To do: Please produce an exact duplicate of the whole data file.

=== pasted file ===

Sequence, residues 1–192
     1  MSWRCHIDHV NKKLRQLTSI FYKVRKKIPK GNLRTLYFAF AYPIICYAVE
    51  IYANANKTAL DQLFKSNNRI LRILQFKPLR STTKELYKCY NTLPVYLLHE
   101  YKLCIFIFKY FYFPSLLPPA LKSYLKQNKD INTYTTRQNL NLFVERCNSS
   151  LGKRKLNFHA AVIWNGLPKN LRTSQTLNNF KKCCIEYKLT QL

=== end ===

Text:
Sequence, residues 1–192
     1  MSWRCHIDHV NKKLRQLTSI FYKVRKKIPK GNLRTLYFAF AYPIICYAVE
    51  IYANANKTAL DQLFKSNNRI LRILQFKPLR STTKELYKCY NTLPVYLLHE
   101  YKLCIFIFKY FYFPSLLPPA LKSYLKQNKD INTYTTRQNL NLFVERCNSS
   151  LGKRKLNFHA AVIWNGLPKN LRTSQTLNNF KKCCIEYKLT QL